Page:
EIGRP in Framerelay with Split Horizon

Unanswered Question
Aug 17th, 2009

Hi experts,

I am trying to configure EIGRP in FRAME RELAY. I have 3 Routers (R1, R2, R3) where

R1 is spoke - 192.168.1.1

R2 is hub - 192.168.1.2

R3 is hub - 192.168.1.3

EIGRP Split Horizon is enabled in R1. I have configured EIGRP in all the routers. As we know R1 will not advertise R2 routes to R3 and vice versa due to split Horizon. I should not disable Split horizon. As a workaround, I have configured neighbour statement in all the routers as follows:

R1#show running-config | section eigrp

router eigrp 420

network 192.168.1.1 0.0.0.0

no auto-summary

neighbor 192.168.1.3 Serial0/0

neighbor 192.168.1.2 Serial0/0

R2#show running-config | section eigrp

router eigrp 420

network 2.2.2.2 0.0.0.0

network 192.168.1.2 0.0.0.0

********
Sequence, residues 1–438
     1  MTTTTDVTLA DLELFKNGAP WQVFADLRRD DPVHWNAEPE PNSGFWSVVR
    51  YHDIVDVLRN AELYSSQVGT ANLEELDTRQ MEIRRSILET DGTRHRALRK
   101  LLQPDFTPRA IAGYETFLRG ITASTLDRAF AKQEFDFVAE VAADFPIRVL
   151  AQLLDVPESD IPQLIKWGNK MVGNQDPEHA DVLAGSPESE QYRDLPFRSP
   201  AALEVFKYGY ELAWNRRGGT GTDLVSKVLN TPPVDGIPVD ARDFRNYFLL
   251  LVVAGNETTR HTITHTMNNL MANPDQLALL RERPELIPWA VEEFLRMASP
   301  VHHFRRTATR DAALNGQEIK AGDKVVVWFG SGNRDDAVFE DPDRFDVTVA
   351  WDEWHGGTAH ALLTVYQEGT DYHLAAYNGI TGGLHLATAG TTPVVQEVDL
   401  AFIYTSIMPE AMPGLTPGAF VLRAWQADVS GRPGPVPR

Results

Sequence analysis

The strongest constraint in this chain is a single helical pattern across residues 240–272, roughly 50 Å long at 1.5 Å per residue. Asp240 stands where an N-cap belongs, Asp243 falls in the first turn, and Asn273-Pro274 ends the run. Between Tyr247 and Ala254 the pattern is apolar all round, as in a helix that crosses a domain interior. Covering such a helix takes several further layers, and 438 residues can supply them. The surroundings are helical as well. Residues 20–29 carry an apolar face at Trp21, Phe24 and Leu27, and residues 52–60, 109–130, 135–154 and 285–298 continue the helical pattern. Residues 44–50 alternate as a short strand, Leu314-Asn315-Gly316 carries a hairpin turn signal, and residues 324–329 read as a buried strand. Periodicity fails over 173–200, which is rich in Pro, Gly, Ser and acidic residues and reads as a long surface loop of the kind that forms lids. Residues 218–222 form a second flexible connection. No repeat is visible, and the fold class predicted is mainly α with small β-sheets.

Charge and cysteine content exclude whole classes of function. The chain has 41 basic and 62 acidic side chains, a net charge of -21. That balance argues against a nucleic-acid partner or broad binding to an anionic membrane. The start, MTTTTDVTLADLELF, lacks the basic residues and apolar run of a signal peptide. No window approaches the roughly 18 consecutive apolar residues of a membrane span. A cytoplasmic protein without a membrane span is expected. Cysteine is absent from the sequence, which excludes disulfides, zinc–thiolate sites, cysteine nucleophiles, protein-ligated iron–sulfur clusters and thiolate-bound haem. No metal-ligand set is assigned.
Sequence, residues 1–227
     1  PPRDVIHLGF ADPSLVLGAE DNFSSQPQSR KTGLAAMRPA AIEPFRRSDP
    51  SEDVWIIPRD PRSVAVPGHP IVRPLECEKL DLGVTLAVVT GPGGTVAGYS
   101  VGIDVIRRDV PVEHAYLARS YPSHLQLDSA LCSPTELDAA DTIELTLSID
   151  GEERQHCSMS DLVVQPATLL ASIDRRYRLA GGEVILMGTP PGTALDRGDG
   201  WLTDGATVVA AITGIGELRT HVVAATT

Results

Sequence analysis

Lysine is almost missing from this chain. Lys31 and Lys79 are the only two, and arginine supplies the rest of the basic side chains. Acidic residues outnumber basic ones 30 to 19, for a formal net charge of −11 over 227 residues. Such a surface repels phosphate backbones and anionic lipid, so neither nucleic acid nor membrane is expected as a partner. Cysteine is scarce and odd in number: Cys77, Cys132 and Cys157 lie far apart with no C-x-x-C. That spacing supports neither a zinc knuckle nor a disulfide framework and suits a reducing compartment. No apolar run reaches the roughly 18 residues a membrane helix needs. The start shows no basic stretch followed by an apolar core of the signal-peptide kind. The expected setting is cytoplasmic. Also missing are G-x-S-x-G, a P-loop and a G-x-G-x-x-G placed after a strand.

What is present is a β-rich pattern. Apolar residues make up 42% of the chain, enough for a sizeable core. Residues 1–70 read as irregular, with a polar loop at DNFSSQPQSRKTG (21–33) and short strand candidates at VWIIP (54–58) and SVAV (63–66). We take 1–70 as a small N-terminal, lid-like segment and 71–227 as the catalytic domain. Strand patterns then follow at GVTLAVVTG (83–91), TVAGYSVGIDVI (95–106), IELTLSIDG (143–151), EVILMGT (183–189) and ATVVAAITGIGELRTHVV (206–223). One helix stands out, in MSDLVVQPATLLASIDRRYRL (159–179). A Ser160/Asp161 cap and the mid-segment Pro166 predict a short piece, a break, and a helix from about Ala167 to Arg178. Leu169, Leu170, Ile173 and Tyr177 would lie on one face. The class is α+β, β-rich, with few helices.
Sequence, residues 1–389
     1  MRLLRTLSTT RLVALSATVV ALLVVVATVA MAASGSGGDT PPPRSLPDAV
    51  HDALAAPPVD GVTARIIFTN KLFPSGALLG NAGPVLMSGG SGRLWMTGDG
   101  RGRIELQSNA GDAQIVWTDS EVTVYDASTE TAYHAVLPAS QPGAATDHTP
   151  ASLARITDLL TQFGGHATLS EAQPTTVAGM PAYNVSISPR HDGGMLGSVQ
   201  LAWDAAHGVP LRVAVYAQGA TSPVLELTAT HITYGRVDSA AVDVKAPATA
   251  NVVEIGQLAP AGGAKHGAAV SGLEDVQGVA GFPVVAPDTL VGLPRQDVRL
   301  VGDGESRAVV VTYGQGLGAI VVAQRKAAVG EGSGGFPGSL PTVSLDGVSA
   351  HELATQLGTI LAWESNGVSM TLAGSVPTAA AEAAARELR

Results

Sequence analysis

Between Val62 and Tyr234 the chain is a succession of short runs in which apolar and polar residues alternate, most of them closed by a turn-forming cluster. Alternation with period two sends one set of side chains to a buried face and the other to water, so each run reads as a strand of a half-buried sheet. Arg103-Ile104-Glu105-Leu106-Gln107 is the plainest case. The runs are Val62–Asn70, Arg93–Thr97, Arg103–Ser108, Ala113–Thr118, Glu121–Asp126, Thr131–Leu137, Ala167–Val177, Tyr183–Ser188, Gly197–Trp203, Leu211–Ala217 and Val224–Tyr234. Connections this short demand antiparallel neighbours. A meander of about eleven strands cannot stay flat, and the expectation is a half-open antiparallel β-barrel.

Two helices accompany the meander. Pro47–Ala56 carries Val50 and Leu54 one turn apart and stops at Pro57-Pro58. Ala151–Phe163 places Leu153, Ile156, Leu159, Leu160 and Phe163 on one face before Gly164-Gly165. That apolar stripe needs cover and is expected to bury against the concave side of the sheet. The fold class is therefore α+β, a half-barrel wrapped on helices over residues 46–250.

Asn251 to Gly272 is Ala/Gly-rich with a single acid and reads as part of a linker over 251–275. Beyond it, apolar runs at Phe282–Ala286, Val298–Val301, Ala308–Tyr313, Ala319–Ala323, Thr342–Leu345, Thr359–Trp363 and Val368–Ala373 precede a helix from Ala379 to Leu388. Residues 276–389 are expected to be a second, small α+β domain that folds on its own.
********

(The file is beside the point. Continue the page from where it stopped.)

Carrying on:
no auto-summary

neighbor 192.168.1.3 Serial0/0

neighbor 192.168.1.1 Serial0/0

R3#show running-config | section eigrp

router eigrp 420

network 3.3.3.3 0.0.0.0

network 192.168.1.3 0.0.0.0

no auto-summary

neighbor 192.168.1.2 Serial1/0

neighbor 192.168.1.1 Serial1/0

It is working fine. But what is eating my head is, my understanding about NEIGHBOR command is it UNICAST instead of MULICAST to find the neighbors. It finds the neighbours statically.

If so, I know the TTL value of multicast packet 224.0.0.10 (EIGRP) is 1. If it uses NEIGHBOR command WHAT IS THE TTL VALUE? How it is able to form neighbor with a Router that is one Hop away (R2 forming neighbor with R3 crossing R1)

Hope I managed to express the doubt I have. Please help me

sairam

I have this problem too.
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Giuseppe Larosa Mon, 08/17/2009 - 07:02

Hello Sairam,

>> If so, I know the TTL value of multicast packet 224.0.0.10 (EIGRP) is 1. If it uses NEIGHBOR command WHAT IS THE TTL VALUE? How it is able to form neighbor with a Router that is one Hop away (R2 forming neighbor with R3 crossing R1)

It is one hop away from the Frame-relay point of view but they are in the same IP subnet.

I guess you have additional frame-relay map commands that for example on R3 say neigh 192.168.1.2 is reachable via DLCI x that is the same DLCI to reach router R1.